Indian classical music developed as a way to preserve the Vedas. The Vedas are ancient Sanskrit texts which form the basis of Hinduism. Although Hinduism developed what we now know as Indian classical music it is widely used across the Indian subcontinent regardless of religion. There are two schools of Indian classical music: Karnatic (also spelled Carnatic) and Hindustani. Karnatic is practiced in south India, and Hindustani is practiced all along the north of the subcontinent. A big difference between the two traditions is that Hindustani is very strict on compositions of raag and Karnatic is more flexible.
A raag is a composition of swara ('notes') said to have risen from Shiva's voice as he orated to a congregation of Gods in the name of mankind. Swara each correspond to animal sounds in nature and include the infamous Sa, Re, Ga, Ma, Pa and the oft forgotten Dha, Ni. A raag also contains rules on how and which notes can be changed or bent in the recital of the raag. The notes can be both played and sung. Raags are identified as male Raga and female Ragini which can be combined to form son and daughter raags. This familial imagery shows which raags are related and perhaps how they were derived.
The personification of the ragas also confers a demi-god association. It gives each raag a personality and a power, while also emphasizing the high regard Indian classical music earns amongst its people. For example, the raag Deepak if sung properly has the power to start a fire, or Megh has the power to start monsoons. Despite the many stories of the mythological prowess of raags, they do have the ability to illicit specific emotions and moods in the audience, such as anger, joy, disgust, etc. For this reason raags have in the past been restricted to being sung at specific times of the day.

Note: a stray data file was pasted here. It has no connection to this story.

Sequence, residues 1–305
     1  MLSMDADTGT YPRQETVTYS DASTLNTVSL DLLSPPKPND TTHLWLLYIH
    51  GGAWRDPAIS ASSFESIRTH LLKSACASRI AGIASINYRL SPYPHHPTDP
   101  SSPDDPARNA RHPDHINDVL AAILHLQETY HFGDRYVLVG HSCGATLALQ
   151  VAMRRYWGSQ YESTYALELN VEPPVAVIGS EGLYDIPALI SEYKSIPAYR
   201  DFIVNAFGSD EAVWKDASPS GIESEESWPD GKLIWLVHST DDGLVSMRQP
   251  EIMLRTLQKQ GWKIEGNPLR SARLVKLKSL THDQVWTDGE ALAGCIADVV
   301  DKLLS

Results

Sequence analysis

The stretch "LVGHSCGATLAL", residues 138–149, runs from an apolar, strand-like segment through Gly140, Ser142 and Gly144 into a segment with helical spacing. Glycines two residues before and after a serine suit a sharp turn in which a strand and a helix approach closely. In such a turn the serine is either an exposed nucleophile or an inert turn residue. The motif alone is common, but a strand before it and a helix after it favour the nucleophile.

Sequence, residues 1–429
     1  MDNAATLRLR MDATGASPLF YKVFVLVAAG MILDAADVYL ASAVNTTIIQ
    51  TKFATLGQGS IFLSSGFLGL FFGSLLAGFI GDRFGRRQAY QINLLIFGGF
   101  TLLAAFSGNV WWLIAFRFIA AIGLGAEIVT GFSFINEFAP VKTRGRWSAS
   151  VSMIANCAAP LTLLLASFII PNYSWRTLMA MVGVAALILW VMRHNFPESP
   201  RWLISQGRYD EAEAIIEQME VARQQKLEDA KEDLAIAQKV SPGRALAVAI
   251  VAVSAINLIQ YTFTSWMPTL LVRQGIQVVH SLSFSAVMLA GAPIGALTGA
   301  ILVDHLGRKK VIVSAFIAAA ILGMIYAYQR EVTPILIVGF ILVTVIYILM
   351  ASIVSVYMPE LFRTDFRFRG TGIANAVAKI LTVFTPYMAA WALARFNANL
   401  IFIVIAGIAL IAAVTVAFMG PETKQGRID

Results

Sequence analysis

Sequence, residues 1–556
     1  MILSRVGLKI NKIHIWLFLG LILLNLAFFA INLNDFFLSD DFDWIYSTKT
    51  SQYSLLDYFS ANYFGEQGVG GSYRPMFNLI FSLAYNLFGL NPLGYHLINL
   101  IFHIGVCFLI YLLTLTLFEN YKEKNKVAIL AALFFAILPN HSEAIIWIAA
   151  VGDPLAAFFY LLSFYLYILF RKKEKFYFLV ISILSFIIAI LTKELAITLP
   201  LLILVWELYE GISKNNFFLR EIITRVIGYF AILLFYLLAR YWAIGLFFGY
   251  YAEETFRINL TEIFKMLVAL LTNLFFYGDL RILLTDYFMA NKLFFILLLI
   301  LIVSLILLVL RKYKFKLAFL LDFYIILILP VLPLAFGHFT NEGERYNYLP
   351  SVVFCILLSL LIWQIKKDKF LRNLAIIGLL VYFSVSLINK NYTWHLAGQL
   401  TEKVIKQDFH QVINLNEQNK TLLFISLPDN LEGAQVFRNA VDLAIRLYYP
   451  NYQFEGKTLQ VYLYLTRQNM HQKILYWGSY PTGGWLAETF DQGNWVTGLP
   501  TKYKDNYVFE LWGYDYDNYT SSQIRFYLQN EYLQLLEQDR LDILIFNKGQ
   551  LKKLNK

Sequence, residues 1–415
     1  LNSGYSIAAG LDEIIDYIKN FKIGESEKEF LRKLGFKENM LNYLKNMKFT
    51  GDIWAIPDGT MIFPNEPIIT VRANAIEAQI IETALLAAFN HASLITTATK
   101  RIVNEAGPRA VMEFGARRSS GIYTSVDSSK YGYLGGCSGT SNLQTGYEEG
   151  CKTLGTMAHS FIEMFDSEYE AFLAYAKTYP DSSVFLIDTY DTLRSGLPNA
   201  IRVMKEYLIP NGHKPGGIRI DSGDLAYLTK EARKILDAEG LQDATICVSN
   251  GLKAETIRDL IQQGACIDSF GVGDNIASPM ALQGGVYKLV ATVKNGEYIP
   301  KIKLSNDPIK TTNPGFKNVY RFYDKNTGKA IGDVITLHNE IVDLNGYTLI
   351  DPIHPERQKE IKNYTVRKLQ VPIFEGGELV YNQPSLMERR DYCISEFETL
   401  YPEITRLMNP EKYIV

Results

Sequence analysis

So how does this all relate to Sikhism?
The individual hymns, or shabads, of the Sri Guru Granth Sahib (SGGS) were composed to and organized by raag. At the end of the SGGS is an index, the Raagmala ('String of Melodies') of all the raags that can be used in the recital of the Gurbani (literally 'Word of the Guru'). Each raag is associated with a specific time of day and sets a tone appropriate for that hour.
Guru Nanak Dev Ji used music to reach out to the people he preached to. Now kirtan, shabads in raag, is an important part of Sikh temple services. If you go for prayers make sure to enjoy the kirtan that is recited before the hukamnama. And enjoy it. :)
Raag @ Sikhwiki
SGGS @ Gurbani Files
Raga in SGGS @ Sikhwiki
Dolls of India